Terry Collins, New York Mets: Disciples of the Moneyball Theory

Jim MancariCorrespondent IFebruary 23, 2011

On this date in 1934, Casey Stengel signed a two-year deal to manage the Brooklyn Dodgers. He later became the first manager in Mets' franchise history in 1962.

Today, 77 years later, Terry Collins will look to the example set by Stengel in running a baseball team. Though the Mets were downright terrible during Stengel's tenure, the fire and energy he brought to the table rang true with the players.

Early reports have described Collins as "loud," which is a great sign for the Mets. The last three managers, Art Howe, Willie Randolph and Jerry Manuel, were more soft spoken in trying to get their points across. Half the time, did we even know what Manuel was saying?

The Mets have some players in need of a jolt, and Collins will be the one to provide that jolt. If the player doesn't respond, Collins will look for someone who will.

I just started reading Michael Lewis' Moneyball, and it has been a terrific read thus far.

For those unfamiliar, Lewis chronicles the Oakland A's front office tactics in using as little money as possible to field a winning team.

The strategy worked out very well in the early 2000s. Before current A's general manager, Billy Beane, took over, Sandy Alderson was calling the shots.

Alderson came in as a graduate from Dartmouth College and Harvard Law School. He began the wave of "nerds" that didn't know much about baseball but could use their knowledge to build a winning team.

Alderson placed the highest value in on-base percentage. Some baseball people look only at BA, HR and RBI, but Alderson believed that OBP was the key to scoring runs.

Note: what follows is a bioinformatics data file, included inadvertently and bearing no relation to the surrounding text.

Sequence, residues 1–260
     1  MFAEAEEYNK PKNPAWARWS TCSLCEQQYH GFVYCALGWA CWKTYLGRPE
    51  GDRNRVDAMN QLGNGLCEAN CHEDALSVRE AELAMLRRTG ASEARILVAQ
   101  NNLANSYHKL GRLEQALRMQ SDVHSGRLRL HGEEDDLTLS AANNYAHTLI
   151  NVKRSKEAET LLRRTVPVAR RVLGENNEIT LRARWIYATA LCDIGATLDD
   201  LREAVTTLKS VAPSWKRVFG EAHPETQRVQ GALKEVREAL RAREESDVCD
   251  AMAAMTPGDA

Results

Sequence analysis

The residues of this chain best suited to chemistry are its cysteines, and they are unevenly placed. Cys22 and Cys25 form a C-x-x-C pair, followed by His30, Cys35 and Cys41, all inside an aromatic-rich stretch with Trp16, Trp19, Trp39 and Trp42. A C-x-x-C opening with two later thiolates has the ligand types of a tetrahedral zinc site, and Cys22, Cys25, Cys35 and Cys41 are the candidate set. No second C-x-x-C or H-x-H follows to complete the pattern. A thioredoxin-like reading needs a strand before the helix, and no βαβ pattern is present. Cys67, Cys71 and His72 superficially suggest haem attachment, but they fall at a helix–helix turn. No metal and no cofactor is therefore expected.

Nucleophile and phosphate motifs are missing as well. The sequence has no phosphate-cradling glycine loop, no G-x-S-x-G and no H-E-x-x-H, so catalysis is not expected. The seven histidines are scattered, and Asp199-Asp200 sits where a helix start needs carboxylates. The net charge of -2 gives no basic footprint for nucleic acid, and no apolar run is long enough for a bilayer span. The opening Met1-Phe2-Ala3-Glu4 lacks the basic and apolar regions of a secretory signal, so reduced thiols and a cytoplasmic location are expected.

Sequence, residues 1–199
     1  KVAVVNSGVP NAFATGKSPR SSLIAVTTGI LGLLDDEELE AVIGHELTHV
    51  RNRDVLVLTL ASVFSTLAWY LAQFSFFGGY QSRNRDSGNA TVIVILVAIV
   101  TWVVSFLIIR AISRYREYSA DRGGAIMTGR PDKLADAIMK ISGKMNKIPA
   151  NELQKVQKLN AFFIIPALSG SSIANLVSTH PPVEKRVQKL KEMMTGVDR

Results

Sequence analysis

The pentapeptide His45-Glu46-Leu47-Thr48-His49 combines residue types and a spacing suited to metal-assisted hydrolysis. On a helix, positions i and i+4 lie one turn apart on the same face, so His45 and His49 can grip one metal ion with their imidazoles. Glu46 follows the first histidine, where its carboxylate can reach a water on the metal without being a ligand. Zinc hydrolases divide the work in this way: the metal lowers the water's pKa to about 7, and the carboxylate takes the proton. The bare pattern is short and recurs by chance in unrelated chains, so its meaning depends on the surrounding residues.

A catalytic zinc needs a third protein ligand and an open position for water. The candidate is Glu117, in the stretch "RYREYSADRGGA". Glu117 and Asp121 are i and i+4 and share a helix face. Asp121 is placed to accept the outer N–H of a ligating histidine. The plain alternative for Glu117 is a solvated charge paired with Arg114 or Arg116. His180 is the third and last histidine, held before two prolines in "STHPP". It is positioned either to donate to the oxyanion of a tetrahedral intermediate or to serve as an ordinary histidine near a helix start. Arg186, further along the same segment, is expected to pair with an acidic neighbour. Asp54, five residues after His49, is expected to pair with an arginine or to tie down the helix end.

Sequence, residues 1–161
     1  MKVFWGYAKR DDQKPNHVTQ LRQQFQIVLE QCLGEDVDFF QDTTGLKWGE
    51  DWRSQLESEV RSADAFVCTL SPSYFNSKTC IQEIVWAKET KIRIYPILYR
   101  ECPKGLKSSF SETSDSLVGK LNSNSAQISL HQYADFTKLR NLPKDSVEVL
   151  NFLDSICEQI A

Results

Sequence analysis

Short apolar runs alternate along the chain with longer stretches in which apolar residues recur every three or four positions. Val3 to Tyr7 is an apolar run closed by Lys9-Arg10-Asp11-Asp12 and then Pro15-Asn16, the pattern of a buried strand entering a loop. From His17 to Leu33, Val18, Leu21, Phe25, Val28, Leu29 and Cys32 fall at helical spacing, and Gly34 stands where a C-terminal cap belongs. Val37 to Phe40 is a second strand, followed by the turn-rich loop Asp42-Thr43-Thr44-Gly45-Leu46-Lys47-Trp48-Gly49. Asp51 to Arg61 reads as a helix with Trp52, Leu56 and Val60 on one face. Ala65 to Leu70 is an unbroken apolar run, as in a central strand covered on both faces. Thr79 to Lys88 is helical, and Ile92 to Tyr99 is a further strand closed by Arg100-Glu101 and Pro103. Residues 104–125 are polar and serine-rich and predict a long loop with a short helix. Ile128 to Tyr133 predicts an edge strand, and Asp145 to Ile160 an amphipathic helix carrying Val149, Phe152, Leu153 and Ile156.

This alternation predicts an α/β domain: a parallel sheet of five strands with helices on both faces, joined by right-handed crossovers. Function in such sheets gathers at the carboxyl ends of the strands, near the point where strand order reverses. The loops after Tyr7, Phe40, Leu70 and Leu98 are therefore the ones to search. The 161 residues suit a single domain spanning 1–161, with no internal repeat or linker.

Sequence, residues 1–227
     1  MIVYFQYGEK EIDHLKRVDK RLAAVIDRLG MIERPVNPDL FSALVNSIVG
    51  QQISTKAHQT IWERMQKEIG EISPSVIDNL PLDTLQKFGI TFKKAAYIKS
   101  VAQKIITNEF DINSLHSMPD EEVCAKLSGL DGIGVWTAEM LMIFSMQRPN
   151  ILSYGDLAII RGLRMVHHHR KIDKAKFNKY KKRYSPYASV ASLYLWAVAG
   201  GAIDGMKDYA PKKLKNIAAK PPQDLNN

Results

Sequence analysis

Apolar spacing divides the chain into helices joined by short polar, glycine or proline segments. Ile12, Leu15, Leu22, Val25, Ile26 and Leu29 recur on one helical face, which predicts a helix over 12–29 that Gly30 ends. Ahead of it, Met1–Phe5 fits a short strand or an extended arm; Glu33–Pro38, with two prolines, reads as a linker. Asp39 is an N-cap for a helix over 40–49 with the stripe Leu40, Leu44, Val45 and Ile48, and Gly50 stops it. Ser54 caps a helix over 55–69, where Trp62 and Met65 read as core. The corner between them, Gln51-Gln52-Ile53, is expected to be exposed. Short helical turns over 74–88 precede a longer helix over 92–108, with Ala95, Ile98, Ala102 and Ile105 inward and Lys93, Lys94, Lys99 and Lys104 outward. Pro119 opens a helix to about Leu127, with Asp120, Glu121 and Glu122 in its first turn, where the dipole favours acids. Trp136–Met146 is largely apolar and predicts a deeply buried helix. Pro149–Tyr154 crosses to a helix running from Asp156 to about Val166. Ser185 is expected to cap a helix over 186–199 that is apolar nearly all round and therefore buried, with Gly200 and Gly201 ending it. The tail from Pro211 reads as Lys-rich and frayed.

And he was right. You can't score runs if you don't have guys on base, unless of course you hit a ton of solo home runs, which is unlikely to win ball games.

Alderson was notorious for finding a manager who would subscribe to his theory. He once threatened the A's Double-A manager that he would be fired if his team didn't start drawing more walks, thus improving their OBP.

Tony LaRussa was Oakland's manager when Alderson took over, so you could only imagine the clash that occurred. LaRussa refused to buy into the new style of baseball, forcing Alderson to look elsewhere.

Sure enough, Art Howe was named the A's manager, serving as Alderson's puppet.

"Art Howe was hired to implement the ideas of the front office, not his own," said Alderson.

That leads me back to Terry Collins. Obviously, Alderson believes Collins will support the theory or else he wouldn't have been hired.

The Mets are in a similar situation as the A's were: a team with a high payroll that wasn't getting value out of their players. Before Alderson took over, the A's had one of the highest payrolls in league with players like Mark McGwire, Jose Canseco and Rickey Henderson leading the way.

In the mid-1990s, the A's new owners forced Alderson to cut the payroll, which is strikingly similar to the Wilpons' situation. Maybe no money schemes were involved, but Alderson still had to do a lot with a little.

So the new goal for the Mets will be for Alderson to bring in players with value and have Collins utilize those players to reach their full potential. Only time will tell if this plan works.

After reading some of the book, I'm starting to buy into this theory as well. As the famous proverb states, "If it happened before, then it can happen again."

Follow me on Twitter @JMMancari.


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